The Lovely Deathscape

The deathscape is lovely, until you look beneath the surface.  There is suffering everywhere in nature, and only the trees die of old age.

Fishing in the deathscape

Two young predators forage in the deathscape.

Paradise

My family I live in paradise.  Our home is perched over a quiet lake. From time to time, white herons roost in a tree by our property.  We have an osprey who shows up occasionally, there are plenty of hawks, and some evenings I’ll see an owl sitting on a fence post or quietly careering among the trees.  Hummingbirds and dragon flies zoom around, and raccoons pass through.  Squirrels play chase through the trees, while songbirds fill the air with melody.

We occasionally see cute young animals, in nests or in shy family foraging.  The lake is full of fish and turtles, and once in a while a community notice goes out to be on alert, a small alligator has gotten into the lake. There are fascinating insects and other small animals everywhere.  Wildflowers, large and small, bloom around us.  There is beauty from the tiniest bug to the tallest tree.

The Deathscape

As I biologist I’m aware that this is all illusion.  Viewed analytically, my lovely surroundings are a deathscape. The songbirds’ lovely melodies are really screaming avian challenges and warnings to potential competitors.  The squirrels’ charming game is a challenge for territory, where the loser has a good chance of starving (if he is unlucky) or being killed by a predator (if he is less unlucky).  The birds of prey we see are hunting the songirds and the squirrels, but they have yet other predators stalking them, from microbes to humans.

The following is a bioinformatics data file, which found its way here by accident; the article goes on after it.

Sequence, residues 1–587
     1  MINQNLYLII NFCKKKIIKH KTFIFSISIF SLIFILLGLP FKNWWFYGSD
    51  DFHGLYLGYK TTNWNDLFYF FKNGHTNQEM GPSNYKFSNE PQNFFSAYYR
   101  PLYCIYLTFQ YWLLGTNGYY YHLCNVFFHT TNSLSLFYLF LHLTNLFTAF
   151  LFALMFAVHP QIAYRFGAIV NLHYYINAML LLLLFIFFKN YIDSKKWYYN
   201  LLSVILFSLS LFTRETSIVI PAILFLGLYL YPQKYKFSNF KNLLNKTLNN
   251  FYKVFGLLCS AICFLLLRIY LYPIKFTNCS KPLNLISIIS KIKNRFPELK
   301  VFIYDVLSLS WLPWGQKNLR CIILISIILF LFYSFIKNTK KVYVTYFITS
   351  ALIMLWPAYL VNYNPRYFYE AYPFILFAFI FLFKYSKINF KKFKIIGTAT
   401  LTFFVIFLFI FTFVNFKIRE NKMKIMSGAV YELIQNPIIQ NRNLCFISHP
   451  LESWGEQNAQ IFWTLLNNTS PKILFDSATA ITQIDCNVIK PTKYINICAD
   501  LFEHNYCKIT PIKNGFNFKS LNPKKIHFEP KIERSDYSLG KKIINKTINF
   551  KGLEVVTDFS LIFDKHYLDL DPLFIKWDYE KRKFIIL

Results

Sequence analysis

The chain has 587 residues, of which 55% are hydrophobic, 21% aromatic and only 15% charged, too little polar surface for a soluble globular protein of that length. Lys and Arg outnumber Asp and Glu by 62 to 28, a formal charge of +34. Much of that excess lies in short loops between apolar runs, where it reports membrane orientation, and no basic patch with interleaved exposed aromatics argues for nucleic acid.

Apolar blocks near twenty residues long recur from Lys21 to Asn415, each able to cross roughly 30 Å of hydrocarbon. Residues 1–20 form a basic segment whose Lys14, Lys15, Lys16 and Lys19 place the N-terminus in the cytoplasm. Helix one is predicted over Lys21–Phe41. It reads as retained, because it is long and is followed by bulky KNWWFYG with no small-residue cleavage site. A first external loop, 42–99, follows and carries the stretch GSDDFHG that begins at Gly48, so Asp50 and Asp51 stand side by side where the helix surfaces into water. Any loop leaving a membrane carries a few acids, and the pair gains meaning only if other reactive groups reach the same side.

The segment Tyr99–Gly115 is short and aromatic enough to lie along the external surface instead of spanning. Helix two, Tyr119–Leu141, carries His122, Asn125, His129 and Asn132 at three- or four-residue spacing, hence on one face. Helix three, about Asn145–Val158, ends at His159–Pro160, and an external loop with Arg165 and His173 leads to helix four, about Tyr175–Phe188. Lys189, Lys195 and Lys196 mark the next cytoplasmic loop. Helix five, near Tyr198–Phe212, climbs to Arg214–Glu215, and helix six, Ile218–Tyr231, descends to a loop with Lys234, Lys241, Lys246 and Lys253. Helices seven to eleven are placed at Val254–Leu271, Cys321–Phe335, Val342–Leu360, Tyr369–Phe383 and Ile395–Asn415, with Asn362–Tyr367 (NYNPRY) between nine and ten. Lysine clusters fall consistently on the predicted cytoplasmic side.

The large trees probably have it made – for the moment – but tree seedlings are chopped beneath the lawnmower or pulled up by the squirrels to chew on the roots, and the saplings struggle against overcrowding in the untended woods and border scrub.  All of them are exposed to the elements and face countless diseases, and each animal is one broken bone or infection from almost certain death.  As for all of the nestlings, cubs, and other cute young animals, the odds for them surviving to adulthood are very poor.  If they are fortunate enough to make it that far, their probability of establishing a defensible territory and raising their own brood is also low.

And all of them constantly live on the edge of starvation.  A few days of poor foraging, or the loss of a territory, spells almost certain death.  Every waking minute is a struggle against the odds, for all of them.  The deathscape awaits.

Bleak Numbers

As we putter around in our loveliness, we almost never see any of this, of course.  Predators strike quickly and stealthily.  Diseased, famished or injured animals are driven away to isolated, lonely deaths.  Parents have little time to search for, or worry over, the loss of careless or unlucky offspring.  And the corpses that might serve as testament of an animal’s passing do not last long.  There are too many starving organisms, from bacteria to to bugs to buzzards, to leave even rotten meat uneaten.

Here is the central point that we need to keep in mind when looking at nature:  for every organism we can see, on average it will leave just two breeding offspring over its lifetime.  Oak trees produce tens of thousands of acorns, every year, for centuries.  Fruit flies lay perhaps 500 eggs in a six-week lifespan.  The common toad secrets away 3,000 spawn annually, in a 10 year effort.  And the rare songbird that manages to live 5 years, might produce 20 chicks in her career.